Panto season is upon us – oh yes it is - and Salisbury has much to offer.

First stop, The Playhouse, which always puts on a great festive show and this year is no exception.

Wiltshire Creative’s production of Dick Whittington is bright, bold and full of the usual music, dancing, gags and good-old fashioned fun.

Dick (Will Carey) is a cheery lad born and bred in Salisburyshire. After his dreams of becoming mayor so he can fix the cracked pavements, fill the potholes and even get a few hanging baskets (good luck with that) fail, he heads to London - along with his cranky cat Cosmo (Lindo Shinda) - in search of fame and fortune. But it turns out the streets aren’t paved with gold, but overrun with rodents.

After falling into a job at her father’s café, Dick then falls in love with Alice (Olivia Hewitt-Jones), but this is panto and all doesn’t run smoothly in the course of love.

David Rumelle brings the slapstick humour as panto dame Sarah the Cook, who loves her Dick (steady) more than anything and follows him and Cosmo to the big city. It is here that Sarah finds her own love interest – not the random bloke sat at the end of the third aisle (although he will, of course, be the object of her affections and ridicule a fair proportion of the night), but Alice’s father Alderman Fitzwarren, played by Hugh Osborne.

The real star of the show, for me, is Will Jennings, who cleverly brings a loveable side to the villainous King Percy Rat. His quick moves, ghastly gags and tongue twitches had us rolling with laughter.

Meanwhile, Natalie Winsor brings all the pantomime positivity and magic as Fairy Bowbells.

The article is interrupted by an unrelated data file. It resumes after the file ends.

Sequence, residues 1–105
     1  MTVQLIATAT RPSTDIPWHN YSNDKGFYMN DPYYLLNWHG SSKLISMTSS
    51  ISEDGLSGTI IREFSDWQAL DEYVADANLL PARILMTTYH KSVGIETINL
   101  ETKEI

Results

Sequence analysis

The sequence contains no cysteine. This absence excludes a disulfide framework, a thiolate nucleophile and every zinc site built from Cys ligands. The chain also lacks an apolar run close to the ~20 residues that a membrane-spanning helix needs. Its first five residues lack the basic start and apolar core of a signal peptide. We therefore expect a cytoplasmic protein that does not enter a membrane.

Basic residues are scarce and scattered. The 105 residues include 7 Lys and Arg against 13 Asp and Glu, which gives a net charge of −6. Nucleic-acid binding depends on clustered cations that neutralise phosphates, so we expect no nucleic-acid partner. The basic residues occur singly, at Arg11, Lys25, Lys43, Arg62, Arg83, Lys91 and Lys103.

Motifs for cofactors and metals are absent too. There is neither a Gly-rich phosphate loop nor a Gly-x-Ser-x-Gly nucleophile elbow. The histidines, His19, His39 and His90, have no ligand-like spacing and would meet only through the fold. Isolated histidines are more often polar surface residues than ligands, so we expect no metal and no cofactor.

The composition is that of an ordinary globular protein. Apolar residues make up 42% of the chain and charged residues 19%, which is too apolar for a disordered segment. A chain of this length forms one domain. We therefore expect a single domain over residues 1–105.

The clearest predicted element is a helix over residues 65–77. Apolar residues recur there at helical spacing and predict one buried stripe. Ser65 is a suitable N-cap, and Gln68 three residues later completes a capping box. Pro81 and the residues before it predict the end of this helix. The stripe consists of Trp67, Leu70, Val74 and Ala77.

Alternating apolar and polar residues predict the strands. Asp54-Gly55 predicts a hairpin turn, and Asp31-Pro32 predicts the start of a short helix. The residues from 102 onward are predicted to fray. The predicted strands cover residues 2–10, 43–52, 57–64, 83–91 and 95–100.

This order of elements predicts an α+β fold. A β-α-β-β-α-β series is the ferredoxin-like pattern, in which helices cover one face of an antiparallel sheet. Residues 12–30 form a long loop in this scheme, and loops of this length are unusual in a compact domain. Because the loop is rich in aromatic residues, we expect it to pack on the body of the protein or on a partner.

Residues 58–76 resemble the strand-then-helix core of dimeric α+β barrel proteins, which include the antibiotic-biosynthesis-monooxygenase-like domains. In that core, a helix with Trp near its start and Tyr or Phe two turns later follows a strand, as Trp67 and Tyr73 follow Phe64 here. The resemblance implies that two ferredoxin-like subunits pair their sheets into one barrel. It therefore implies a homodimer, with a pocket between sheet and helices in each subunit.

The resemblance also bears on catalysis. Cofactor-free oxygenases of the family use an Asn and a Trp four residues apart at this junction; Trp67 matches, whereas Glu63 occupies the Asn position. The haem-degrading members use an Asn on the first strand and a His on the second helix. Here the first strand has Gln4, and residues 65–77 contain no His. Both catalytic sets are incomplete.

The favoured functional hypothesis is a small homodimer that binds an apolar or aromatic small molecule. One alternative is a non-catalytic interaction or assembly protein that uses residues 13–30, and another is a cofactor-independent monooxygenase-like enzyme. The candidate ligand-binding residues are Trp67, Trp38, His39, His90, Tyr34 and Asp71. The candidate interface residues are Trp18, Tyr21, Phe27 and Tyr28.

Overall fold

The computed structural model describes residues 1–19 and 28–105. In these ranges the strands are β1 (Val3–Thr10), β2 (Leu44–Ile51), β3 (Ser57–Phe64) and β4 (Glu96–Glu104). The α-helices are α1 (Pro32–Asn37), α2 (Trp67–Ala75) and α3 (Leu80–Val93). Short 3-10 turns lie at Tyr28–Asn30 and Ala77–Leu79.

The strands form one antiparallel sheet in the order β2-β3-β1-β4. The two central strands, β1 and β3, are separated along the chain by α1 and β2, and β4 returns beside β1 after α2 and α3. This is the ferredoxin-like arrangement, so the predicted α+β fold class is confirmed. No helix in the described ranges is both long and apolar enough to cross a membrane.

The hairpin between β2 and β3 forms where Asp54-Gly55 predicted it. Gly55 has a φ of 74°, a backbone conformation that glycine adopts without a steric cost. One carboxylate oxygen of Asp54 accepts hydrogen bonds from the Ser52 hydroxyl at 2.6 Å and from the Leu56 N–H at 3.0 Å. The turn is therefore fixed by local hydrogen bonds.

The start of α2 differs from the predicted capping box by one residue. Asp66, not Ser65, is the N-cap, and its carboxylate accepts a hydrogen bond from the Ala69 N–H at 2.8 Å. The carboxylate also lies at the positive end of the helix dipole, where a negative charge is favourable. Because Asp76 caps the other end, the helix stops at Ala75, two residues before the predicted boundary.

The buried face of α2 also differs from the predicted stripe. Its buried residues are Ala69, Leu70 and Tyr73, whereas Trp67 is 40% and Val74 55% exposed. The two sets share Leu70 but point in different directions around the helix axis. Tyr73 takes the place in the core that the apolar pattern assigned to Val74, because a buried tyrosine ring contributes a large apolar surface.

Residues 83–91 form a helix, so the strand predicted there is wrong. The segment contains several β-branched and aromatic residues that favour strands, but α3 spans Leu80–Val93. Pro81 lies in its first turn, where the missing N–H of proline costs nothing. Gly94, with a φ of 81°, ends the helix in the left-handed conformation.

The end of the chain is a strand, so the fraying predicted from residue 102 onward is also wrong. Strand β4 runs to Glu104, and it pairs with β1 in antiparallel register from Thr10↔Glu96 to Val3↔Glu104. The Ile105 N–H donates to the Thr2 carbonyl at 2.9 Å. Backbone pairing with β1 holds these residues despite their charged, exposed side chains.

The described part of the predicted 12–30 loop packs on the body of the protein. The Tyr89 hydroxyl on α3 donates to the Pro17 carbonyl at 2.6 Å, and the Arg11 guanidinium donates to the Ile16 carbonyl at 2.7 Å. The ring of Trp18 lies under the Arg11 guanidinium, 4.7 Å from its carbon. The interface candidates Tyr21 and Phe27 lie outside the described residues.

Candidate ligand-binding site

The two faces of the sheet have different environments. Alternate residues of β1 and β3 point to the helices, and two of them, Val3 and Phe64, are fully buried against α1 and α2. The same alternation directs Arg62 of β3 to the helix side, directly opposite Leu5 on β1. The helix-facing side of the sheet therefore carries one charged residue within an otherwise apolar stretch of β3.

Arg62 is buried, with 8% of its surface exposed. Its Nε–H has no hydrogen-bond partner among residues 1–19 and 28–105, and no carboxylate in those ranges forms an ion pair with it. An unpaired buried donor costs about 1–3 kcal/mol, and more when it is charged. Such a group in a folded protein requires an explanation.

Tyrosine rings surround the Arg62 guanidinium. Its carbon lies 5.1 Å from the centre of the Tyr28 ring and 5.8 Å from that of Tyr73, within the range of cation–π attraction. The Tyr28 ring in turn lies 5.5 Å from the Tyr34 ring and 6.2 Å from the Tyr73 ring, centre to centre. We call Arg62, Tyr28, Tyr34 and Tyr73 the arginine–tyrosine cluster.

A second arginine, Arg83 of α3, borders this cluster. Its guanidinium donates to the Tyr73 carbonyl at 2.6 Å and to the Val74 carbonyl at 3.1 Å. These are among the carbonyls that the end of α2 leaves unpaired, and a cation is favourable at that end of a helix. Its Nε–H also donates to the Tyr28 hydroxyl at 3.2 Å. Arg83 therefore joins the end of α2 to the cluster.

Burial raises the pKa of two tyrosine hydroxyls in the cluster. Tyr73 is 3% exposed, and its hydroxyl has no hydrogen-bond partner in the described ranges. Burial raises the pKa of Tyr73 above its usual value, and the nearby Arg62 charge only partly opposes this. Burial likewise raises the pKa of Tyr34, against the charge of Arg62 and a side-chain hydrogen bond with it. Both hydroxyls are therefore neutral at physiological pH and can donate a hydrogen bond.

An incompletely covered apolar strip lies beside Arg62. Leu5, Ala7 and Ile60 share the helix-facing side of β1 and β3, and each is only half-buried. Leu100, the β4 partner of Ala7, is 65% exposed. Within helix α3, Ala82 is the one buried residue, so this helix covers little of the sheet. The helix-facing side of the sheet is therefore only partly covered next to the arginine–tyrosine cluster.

It wouldn’t be panto without a smattering of smut and writing trio Plested, Brown & Wilsher clearly realised they had hit comedy gold with a hero called Dick. But despite the dick jokes and double entendres, this is in its essence a show for families and it was wonderful to see grandparents and tots giggling together at the slapstick humour, as well as singing and dancing along with the cast.

Directed by Gareth Machin, the production has the usual festive warmth and optimism, helping us to forget all the bad things that are happening in the world and have a good old belly laugh.

Even the mentions to the local sponsors ‘for all your insurance needs’, will have you chuckling.

A mention must also go to the swing stars Alisha Capon and Daniel Timoney along with the wonderful Young Company, who make the show as sparkling and spectacular as it is.

With outrageous outfits, a beautifully bold set and a talented band, prepare to be singing and dancing and, more than anything, laughing out loud at this bright and cheery production.